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ISS News

One More Reason Not To Use the ISS?

By Keith Cowing
January 14, 2013
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How to Solve Protein Structures with an X-ray Laser, Science (subscription required)
“For over a decade, biologists have asked whether x-ray lasers can be used to determine the structures of biomolecules such as proteins. Such methods have the potential to allow structure determination from micro- or even nanoscale crystals, but radiation damage can be extensive and data interpretation is fraught with difficulty. On page 227 of this issue, Redecke et al. (1) overcome these problems to determine the room-temperature structure of a protein of importance to drug discovery.”
Advanced Protein Crystallization Facility (APCF), NASA
“The three-dimensional structure of protein crystals is studied to determine how structure affects the function of individual proteins. Scientists want to understand how proteins work, how to build them from scratch, or how to improve them. To conduct this type of study, scientists must first generate crystals that are large enough and uniform enough to provide useful structural information upon analysis. Protein crystals grown in microgravity — the near weightlessness experienced on a spacecraft in orbit — are often significantly larger and of better quality than those grown on Earth.”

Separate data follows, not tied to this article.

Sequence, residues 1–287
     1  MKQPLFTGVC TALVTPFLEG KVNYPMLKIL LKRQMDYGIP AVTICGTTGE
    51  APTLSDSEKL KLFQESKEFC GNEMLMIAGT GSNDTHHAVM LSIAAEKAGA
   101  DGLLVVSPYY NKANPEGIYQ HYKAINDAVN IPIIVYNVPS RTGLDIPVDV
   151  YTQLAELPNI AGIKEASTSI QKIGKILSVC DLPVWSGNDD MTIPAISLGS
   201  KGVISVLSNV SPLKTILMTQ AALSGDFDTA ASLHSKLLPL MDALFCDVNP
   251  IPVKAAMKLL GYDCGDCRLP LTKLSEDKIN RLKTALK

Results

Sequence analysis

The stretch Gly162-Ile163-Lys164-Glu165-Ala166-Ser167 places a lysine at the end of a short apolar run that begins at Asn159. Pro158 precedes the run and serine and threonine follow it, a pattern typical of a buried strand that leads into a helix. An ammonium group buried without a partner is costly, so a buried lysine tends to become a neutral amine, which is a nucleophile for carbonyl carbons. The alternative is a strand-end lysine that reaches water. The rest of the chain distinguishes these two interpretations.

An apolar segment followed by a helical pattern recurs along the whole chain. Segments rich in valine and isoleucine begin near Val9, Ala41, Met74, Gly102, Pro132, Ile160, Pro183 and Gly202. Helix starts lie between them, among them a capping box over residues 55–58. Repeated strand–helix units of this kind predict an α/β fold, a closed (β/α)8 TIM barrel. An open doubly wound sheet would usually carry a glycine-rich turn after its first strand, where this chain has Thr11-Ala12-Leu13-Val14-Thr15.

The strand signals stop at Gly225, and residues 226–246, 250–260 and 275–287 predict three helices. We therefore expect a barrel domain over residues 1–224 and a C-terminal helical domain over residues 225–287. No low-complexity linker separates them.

Keith’s note: Once again, yet another research team has demonstrated that structural information for biomolecules can be obtained from vanishingly small biological samples using a X-ray laser – on Earth – no space station required. So much for the official story NASA has told for 20 years that the ISS is crucial for such work. If NASA hadn’t dragged its feet for the past several decades perhaps the agency could have made more progress before Earth-based research caught up and passed them by. You can be certain that CASIS won’t be linking to this research.
This doesn’t mean that the ISS has no value as a research platform – quite the opposite. What NASA needs to do, however, is get off its collective butt and adopt a research cycle for ISS research – from start to finish – that is commensurate with what happens back on Earth. Otherwise more of the “discoveries” made up there will arrive back on Earth after they have been done ‘faster, better, and cheaper’ back on Earth.
Using the ISS: Once Again NASA Has Been Left in the Dust, earlier post

NASA Watch founder, Explorers Club Fellow, ex-NASA, Away Teams, Journalist, Space & Astrobiology, Lapsed climber.